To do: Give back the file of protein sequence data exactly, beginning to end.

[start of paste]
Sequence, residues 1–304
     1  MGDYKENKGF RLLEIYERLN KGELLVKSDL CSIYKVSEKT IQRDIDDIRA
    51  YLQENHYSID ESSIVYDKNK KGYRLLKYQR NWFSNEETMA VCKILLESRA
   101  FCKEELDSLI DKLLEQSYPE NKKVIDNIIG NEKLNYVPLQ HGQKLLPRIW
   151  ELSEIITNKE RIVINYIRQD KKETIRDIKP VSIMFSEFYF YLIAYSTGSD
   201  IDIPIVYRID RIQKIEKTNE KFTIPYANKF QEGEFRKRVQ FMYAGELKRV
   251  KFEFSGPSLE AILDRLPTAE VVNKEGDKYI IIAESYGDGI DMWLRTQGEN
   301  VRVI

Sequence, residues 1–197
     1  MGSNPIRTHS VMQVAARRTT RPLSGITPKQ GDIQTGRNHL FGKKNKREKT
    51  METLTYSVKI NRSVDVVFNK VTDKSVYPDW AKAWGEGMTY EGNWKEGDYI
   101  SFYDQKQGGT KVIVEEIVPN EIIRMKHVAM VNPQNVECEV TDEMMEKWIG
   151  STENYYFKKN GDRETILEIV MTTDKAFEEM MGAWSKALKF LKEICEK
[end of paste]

Sequence, residues 1–304
     1  MGDYKENKGF RLLEIYERLN KGELLVKSDL CSIYKVSEKT IQRDIDDIRA
    51  YLQENHYSID ESSIVYDKNK KGYRLLKYQR NWFSNEETMA VCKILLESRA
   101  FCKEELDSLI DKLLEQSYPE NKKVIDNIIG NEKLNYVPLQ HGQKLLPRIW
   151  ELSEIITNKE RIVINYIRQD KKETIRDIKP VSIMFSEFYF YLIAYSTGSD
   201  IDIPIVYRID RIQKIEKTNE KFTIPYANKF QEGEFRKRVQ FMYAGELKRV
   251  KFEFSGPSLE AILDRLPTAE VVNKEGDKYI IIAESYGDGI DMWLRTQGEN
   301  VRVI

Sequence, residues 1–197
     1  MGSNPIRTHS VMQVAARRTT RPLSGITPKQ GDIQTGRNHL FGKKNKREKT
    51  METLTYSVKI NRSVDVVFNK VTDKSVYPDW AKAWGEGMTY EGNWKEGDYI
   101  SFYDQKQGGT KVIVEEIVPN EIIRMKHVAM VNPQNVECEV TDEMMEKWIG
   151  STENYYFKKN GDRETILEIV MTTDKAFEEM MGAWSKALKF LKEICEK